Examples of Fake and Authentic product. Image: Gabrielle Sullivan Indigenous Art Code

Background

‘Fake Art Harms Culture’ is a campaign to lobby the Australian Government to address the proliferation of fake Aboriginal and Torres Strait Islander art and art products. This includes lobbying the government to introduce legislation to stop the production and sale of artworks and artefacts appropriating Aboriginal and Torres Strait Islander culture and designs.

The campaign was created to address widespread concerns about the sale of artworks that ‘look and feel’ like Indigenous art but have no connection to Aboriginal and Torres Strait Islander culture or communities.

These commercially-produced goods – mostly aimed at the tourist market – are often made from non-traditional materials and feature inauthentic and culturally inappropriate designs. They range from bamboo didgeridoos to key rings to paintings.

“The ecosystem, the environment we live in is full of natural resources. Our art is our resource, it belongs to us, we use it in a ceremonial context; it is a resource for our survival. If control of that resource is taken away from us, we cannot meet our cultural obligations; we cannot use it for our families’ benefit. Exploiting our resource needs to be negotiated on our terms, we need to have control of how that’s done”

Banduk Marika, Yolngu (Artist)

Why is fake art growing?

The profile of Indigenous art has grown tremendously in recent decades, creating earning and income opportunities for Aboriginal and Torres Strait Islander communities and contributing to the preservation and dissemination of culture.

However, the increased awareness, reputation and value of Indigenous art has also grown the market in fake art products and merchandise; the production of which has a significant negative impact in at least four ways:

  1. It misappropriates Aboriginal and Torres Strait Islander culture and undermines the role of communities;
  2. it denies Aboriginal and Torres Strait Islander artists economic and other opportunities;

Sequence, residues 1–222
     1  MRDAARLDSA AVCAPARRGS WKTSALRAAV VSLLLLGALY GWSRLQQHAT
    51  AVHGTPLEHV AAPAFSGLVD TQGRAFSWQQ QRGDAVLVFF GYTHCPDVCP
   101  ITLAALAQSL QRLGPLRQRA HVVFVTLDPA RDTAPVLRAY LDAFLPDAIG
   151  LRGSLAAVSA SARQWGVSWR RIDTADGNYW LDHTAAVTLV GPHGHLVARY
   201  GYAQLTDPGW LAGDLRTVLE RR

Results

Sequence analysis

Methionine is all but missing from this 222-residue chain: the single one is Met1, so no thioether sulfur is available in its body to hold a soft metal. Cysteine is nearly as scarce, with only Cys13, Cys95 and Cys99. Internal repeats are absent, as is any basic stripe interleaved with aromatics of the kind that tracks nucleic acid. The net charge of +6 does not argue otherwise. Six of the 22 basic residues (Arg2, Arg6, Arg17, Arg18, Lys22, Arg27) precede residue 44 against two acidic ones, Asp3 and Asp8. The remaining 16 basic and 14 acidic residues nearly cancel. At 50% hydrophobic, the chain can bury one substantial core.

3. it deceives and misleads buyers; and
  4. it disadvantages ethical businesses who take a culturally empathetic approach to indigenous art sales.

The campaign

Proposed new legislation

Since its launch in Darwin in 2016, there has been widespread interest and support for the ‘Fake Art Harms Culture’ campaign including extensive media coverage.

The most significant achievement, however, has been the introduction of a Private Members Bill by Mr Bob Katter MP, Member for Kennedy. It proposes new legislation to help prevent the exploitation of Indigenous culture and the deception of consumers regarding the authenticity of arts and craft goods they are buying.

In February 2017, to coincide with the introduction of the Bill, a delegation of artists and representatives from advocacy organisations met with the Coalition, Labour and Independent MPs.

Details of Bob Katter’s proposed legislation can be found here

For more information see the Fake Art Harms Culture Discussion Paper

Inquiry into the growing presence of inauthentic Aboriginal and Torres Strait Islander ‘style’ art and craft products and merchandise for sale across Australia. The inquiry was referred by Minister for Indigenous Affairs, Senator the Hon Nigel Scullion.

The Committee invites interested persons and organisations to make submissions addressing the terms of reference by Friday, 3 November 2017

Terms of Reference

Inquire into and report on the growing presence of inauthentic Aboriginal and Torres Strait Islander ‘style’ art and craft products and merchandise for sale across Australia, including:

  • the definition of authentic art and craft products and merchandise;
  • current laws and licensing arrangements for the production, distribution, selling and reselling of authentic Aboriginal and Torres Strait Islander art and craft products and merchandise;
  • an examination of the prevalence of inauthentic Aboriginal and Torres Strait Islander ‘style’ art and craft products and merchandise in the market;
  • options to promote the authentic products for the benefit of artists and consumers; and
  • options to restrict the prevalence of inauthentic Aboriginal and Torres Strait Islander ‘style’ art and craft products and merchandise in the market.

Committee Secretariat contact

Committee Secretary
House of Representatives Standing Committee on Indigenous Affairs
PO Box 6021
Parliament House
Canberra ACT 2600

Phone: (02) 6277 4559
Fax: (02) 6277 8461
IndigenousAffairs.reps@aph.gov.au

Thank you

The Fake Art Harms Culture campaign was launched at the Darwin Aboriginal Art Fair in August 2016. It is an initiative of the Indigenous Art Code with Arts Law and Copyright Agency|Viscopy. Special thanks to our campaign partners Desart, Association of Northern Kimberley Arnhem Aboriginal Artists, Indigenous Art Centre Alliance, Aboriginal Art Centre Hub WA, Ananguku Arts, Gab Titui Cultural Centre, UMI Arts and creative agency Behaviour Change Partners for their help in executing the campaign.